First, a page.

We continued to a few more spots below a dam with flocks of warblers moving around and up to the reservoir to see some Least Grebes floating around.  Along the creek heading that flowed into the reservoir, while every bare bit of skin was being attacked by wimpy mosquitoes, we saw a Greenish Elaenia, calling Orange-billed Nightingale-Thrush, and a game of peek-a-boo with a Dwarf Vireo.  Continuing up the watershed, we hiked quiet backroads which revealed a Great Pewee, Bridled Sparrow, and more.

The next day we took a cab up to Monte Alban to explore the ruins that overlook Oaxaca. I do wish we had arrived earlier for better birding; everyone told us to get up at 10:00 am, which ended up being too late.

Monte Albán was the capital of the Zapotec Civilization who are indigenous to the Oaxaca Valley, originating about 2,500 years ago making it one of the earliest cities in Mesoamerica.  For over 1,000 years it was the center for Zapotec socio-politics and economy.  Today, Monte Alban is an incredible heritage tourism site that can be seen from anywhere in the central part of Oaxaca Valley.  It has attracted inquisitive people for hundreds of years; however, it was really only excavated in 1931. The site is incredible for the views, history, and birds.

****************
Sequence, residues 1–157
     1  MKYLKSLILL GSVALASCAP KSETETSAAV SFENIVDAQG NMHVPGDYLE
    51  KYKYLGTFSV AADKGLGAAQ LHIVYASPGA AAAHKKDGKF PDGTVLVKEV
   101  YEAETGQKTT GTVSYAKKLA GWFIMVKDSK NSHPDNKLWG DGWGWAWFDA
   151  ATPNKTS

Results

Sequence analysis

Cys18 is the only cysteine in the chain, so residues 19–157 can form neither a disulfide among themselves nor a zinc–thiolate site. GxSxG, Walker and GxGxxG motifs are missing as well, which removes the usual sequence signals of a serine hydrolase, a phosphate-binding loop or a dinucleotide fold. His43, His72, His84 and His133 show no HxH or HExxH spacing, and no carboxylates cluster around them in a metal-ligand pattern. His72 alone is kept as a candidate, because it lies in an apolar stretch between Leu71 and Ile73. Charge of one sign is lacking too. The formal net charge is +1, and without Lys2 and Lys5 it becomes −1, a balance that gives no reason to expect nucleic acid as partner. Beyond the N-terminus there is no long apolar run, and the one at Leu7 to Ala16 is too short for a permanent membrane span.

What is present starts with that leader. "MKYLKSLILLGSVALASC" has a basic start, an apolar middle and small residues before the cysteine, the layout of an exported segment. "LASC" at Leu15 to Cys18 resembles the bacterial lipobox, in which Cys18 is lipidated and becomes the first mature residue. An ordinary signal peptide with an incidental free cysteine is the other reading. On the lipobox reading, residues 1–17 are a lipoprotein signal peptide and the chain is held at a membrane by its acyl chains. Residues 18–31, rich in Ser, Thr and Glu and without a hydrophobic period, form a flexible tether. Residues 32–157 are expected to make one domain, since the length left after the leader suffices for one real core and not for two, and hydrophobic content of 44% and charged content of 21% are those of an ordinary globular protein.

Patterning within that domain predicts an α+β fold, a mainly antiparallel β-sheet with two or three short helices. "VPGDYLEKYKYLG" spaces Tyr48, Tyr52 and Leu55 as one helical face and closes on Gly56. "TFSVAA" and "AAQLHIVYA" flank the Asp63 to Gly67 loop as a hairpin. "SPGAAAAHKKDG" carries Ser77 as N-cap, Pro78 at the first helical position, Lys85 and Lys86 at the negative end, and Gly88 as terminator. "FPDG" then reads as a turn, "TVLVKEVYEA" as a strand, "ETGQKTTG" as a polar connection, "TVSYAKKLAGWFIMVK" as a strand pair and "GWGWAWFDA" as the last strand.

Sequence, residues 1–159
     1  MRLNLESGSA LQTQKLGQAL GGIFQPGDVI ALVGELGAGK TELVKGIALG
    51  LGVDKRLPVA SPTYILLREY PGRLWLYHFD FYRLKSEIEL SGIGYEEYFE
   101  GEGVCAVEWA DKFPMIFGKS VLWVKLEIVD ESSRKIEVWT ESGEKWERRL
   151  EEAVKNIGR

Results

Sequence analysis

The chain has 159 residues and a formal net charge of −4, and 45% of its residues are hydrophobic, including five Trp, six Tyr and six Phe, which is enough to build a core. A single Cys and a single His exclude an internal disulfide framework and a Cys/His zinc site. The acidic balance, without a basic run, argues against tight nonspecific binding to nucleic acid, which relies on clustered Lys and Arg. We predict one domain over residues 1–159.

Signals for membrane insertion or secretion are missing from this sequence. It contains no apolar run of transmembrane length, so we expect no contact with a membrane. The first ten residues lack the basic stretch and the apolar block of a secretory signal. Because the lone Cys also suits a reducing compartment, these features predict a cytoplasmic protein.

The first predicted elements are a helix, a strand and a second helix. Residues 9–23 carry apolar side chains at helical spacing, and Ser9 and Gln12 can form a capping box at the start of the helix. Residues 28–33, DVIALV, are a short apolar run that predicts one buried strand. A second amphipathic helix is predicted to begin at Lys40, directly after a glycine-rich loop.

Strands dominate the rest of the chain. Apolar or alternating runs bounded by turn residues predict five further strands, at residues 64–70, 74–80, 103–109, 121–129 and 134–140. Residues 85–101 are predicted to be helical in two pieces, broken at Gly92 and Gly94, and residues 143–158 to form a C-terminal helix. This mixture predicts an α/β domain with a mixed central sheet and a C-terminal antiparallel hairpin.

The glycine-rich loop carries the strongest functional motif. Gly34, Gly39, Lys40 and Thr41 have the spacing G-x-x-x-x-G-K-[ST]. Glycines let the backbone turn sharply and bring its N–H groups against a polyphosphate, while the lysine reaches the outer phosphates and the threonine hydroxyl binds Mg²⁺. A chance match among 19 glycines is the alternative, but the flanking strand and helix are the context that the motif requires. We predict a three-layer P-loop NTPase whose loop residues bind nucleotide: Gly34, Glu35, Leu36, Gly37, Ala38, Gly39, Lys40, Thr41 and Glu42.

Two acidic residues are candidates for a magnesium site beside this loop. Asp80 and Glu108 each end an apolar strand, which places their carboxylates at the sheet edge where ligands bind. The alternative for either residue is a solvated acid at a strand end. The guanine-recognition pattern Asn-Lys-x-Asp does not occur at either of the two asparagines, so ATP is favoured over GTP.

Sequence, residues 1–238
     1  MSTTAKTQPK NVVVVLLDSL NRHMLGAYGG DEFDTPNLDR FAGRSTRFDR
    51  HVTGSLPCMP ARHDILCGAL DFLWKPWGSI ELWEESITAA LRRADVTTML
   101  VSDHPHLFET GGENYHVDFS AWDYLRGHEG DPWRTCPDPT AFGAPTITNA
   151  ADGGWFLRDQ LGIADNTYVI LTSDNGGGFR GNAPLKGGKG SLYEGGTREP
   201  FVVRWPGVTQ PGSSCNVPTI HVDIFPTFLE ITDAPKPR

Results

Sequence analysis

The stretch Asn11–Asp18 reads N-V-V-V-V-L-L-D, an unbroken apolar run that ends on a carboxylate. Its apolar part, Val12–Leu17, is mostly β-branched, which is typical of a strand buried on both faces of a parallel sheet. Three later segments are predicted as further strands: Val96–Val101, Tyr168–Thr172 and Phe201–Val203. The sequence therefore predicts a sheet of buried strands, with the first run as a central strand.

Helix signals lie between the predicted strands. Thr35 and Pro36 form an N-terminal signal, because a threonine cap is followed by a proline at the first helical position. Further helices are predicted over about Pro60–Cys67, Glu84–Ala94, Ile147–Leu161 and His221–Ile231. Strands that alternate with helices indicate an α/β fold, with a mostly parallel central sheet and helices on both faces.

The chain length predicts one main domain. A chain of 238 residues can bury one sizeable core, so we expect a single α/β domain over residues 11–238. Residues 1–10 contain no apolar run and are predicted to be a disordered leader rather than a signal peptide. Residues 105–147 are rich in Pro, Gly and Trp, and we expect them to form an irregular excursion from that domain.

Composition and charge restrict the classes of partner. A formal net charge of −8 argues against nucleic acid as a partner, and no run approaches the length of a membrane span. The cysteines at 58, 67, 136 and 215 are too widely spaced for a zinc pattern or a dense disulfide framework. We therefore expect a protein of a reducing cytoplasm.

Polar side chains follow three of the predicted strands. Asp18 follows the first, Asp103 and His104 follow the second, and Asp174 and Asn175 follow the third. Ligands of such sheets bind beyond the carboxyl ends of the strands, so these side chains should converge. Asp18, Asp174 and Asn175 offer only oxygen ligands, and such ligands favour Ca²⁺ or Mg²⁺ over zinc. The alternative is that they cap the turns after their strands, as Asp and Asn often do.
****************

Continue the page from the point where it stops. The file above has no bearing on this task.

If visiting, keep in mind that Monte Alban is 6,400 feet above sea level and gets hot quickly.  So we grabbed a cab back into the city and spent the rest of the day exploring other historical and cultural sites like the Mercado 20 de Noviembre and the Church of Santo Domingo.  Although we had enough alcohol for a lifetime on our mezcal trip, we stopped by a pulqueria to sample one of the oldest drinks of the region: pulque.  Made from fermented maguey sap, it was mixed with our choice of juices to create a mellow, fruity cocktail.

That night, I was awoken by the doors to our room rattling before realizing the bed was also shaking. We were experiencing an earthquake and my elementary-school-Pacific-Northwest training kicked in and I jumped into the doorway. Erik quickly reminded me that now that the earthquake was over, we just needed to evacuate.  It ended up being a 5.9 earthquake in a nearby town. Fortunately, our aged hotel had experienced many, so we felt safe.